When I was in college, I had a marketing professor who sat cross-legged on top of his desk when he lectured. This was only, of course, when he wasn’t walking around the room telling funny stories, proclaiming himself our king, and making us shift our seats throughout a session so we would “see things from a new perspective.” Yes, he was attempting to keep us awake, interested and learning, but this was who he really was. He was fascinating. He was quirky. He was eccentric… and we adored him.
I’ve been exposed to eccentrics throughout my life and they’ve consistently been my favorite people. There was a music teacher who dressed in bold colors and oversized jewelry, and traveled around the world collecting personal artifacts and sharing stories of her adventures; a shop owner who treated every square inch of her tiny restaurant and cars as psychedelic canvases, kept a pet monkey, and came to work in a leotard and overalls with royal purple hair; and an uncle who didn’t hold a “real job,” preferring instead to travel around photographing things.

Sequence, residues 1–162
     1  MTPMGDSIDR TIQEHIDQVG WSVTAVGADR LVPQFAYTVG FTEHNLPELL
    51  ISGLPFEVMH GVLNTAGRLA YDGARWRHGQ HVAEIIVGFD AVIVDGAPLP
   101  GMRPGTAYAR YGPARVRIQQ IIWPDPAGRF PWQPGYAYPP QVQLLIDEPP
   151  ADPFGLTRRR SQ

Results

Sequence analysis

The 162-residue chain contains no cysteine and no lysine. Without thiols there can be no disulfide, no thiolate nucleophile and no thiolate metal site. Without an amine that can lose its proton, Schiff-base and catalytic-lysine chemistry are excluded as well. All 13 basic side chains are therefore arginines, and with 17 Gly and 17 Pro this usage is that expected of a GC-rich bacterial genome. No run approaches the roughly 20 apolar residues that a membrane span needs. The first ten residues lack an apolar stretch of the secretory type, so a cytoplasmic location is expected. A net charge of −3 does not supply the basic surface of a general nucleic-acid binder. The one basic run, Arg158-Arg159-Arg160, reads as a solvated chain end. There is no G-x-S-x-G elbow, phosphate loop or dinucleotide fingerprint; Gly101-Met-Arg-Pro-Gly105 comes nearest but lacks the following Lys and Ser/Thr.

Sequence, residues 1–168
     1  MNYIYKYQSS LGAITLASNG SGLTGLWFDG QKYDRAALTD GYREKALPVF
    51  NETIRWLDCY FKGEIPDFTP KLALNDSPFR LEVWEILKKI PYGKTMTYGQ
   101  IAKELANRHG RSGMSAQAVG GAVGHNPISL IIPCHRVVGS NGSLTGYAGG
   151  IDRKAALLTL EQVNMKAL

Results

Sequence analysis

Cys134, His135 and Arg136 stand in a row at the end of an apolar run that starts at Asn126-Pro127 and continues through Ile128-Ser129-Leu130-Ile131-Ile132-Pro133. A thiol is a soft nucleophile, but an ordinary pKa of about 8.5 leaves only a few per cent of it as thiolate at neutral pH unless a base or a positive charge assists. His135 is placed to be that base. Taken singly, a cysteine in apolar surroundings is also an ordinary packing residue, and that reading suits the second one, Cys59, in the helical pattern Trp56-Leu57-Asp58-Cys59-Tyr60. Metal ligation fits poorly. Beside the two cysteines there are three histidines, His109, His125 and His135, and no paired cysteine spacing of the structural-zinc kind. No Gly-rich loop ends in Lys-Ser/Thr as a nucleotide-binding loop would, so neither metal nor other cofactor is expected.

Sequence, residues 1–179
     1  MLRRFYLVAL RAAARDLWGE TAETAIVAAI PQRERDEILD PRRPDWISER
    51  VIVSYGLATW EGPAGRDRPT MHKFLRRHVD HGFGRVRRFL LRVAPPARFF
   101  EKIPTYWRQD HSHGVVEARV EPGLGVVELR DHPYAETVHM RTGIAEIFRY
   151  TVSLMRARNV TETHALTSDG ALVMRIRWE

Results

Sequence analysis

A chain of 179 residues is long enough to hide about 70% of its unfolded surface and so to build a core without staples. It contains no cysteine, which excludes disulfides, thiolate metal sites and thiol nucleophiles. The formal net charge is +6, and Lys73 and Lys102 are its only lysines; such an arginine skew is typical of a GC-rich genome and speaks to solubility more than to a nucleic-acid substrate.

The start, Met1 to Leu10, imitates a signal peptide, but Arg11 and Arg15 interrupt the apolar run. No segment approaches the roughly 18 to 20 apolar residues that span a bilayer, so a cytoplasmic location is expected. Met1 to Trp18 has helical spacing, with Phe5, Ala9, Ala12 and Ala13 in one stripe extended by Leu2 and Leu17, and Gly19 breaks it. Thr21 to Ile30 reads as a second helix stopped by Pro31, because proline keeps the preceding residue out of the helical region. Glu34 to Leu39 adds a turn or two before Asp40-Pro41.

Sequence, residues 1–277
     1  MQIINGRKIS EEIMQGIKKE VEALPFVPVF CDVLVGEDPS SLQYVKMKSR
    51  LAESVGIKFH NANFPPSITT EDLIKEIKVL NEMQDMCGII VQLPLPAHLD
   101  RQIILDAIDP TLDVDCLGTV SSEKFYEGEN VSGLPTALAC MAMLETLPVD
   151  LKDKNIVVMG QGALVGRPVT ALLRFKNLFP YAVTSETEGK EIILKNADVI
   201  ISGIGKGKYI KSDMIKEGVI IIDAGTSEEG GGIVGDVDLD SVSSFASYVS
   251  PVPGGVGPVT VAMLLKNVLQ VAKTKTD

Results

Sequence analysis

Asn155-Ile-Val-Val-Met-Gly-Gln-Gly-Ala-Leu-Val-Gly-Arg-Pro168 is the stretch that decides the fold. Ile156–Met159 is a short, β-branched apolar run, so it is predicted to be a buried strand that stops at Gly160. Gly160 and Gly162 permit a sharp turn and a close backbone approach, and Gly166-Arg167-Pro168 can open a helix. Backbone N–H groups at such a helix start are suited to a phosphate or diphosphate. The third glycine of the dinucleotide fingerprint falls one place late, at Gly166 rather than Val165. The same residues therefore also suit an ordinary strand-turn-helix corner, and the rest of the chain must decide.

Why have I loved these people? Beyond the value of fascination and entertainment, I’ve come to the conclusion that it’s because I envy them. After all, it seems they are governed by a different set of rules, aren’t they? They seem happier, more fulfilled and free. Eccentrics seem to dance to music that the rest of us can’t hear. The words “shouldn’t” and “never” aren’t part of their vocabulary and, though they have been responsible people, their responsibilities don’t seem to weigh them down. Eccentric people make an impression. They inspire us. They make a difference. Most important of all, they’re experts at authenticity – at being themselves – which is something we could all use more of in our own lives.